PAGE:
Three-dimensional NURBS surfaces can have complex, organic shapes. Control points influence the directions the surface takes. The outermost square below delineates the X/Y extents of the surface.

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Non-uniform rational B-spline. History

Development of NURBS began in the 1950s by engineers who were in need of a mathematically precise representation of freeform surfaces like those used for ship hulls, aerospace exterior surfaces, and car bodies, which could be exactly reproduced whenever technically needed. Prior representations of this kind of surface only existed as a single physical model created by a designer.

The pioneers of this development were Pierre Bézier who worked as an engineer at Renault, and Paul de Casteljau who worked at Citroën, both in France. Bézier worked nearly parallel to de Casteljau, neither knowing about the work of the other. But because Bézier published the results of his work, the average computer graphics user today recognizes splines — which are represented with control points lying off the curve itself — as Bézier splines, while de Casteljau’s name is only known and used for the algorithms he developed to evaluate parametric surfaces. In the 1960s it became clear that non-uniform, rational B-splines are a generalization of Bézier splines, which can be regarded as uniform, non-rational B-splines.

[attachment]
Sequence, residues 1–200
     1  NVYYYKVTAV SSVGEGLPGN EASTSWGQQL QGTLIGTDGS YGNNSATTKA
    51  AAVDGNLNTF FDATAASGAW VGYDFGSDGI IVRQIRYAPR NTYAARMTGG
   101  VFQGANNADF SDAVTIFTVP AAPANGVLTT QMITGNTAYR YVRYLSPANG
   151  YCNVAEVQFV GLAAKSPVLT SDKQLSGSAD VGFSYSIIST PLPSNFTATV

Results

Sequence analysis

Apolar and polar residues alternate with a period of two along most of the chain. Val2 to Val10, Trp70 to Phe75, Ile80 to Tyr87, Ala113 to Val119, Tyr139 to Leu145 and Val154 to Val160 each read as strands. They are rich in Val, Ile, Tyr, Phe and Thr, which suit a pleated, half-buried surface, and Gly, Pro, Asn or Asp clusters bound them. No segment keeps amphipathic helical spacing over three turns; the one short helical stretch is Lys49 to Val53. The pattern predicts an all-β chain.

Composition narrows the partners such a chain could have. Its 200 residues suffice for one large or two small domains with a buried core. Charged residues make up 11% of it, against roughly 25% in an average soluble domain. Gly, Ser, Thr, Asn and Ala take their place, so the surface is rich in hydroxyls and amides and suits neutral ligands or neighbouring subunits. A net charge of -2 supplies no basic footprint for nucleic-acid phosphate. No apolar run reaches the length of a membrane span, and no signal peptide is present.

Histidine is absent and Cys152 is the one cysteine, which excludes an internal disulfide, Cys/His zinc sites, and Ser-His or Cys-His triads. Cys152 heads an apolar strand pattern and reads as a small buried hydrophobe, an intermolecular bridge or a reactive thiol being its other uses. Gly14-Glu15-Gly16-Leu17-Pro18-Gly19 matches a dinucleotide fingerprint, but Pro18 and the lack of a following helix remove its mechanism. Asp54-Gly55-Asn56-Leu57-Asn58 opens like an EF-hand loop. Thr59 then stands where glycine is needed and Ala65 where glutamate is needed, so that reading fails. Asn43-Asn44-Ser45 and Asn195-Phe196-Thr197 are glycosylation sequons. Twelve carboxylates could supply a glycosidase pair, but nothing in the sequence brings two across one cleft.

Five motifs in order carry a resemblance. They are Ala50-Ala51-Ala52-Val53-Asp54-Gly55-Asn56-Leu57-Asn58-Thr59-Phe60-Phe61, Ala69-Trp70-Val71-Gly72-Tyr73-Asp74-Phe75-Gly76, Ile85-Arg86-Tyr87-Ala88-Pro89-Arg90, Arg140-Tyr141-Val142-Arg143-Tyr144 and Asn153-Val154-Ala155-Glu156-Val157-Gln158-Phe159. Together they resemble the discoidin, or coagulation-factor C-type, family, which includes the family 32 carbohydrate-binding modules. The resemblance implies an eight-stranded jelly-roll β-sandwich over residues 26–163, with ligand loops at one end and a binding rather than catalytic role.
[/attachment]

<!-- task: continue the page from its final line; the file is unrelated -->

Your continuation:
At first NURBS were only used in the proprietary CAD packages of car companies. Later they became part of standard computer graphics packages.

Real-time, interactive rendering of NURBS curves and surfaces was first made available on Silicon Graphics workstations in 1989. In 1993, the first interactive NURBS modeller for PCs, called NöRBS, was developed by CAS Berlin, a small startup company cooperating with the Technical University of Berlin. Today most professional computer graphics applications available for desktop use offer NURBS technology, which is most often realized by integrating a NURBS engine from a specialized company.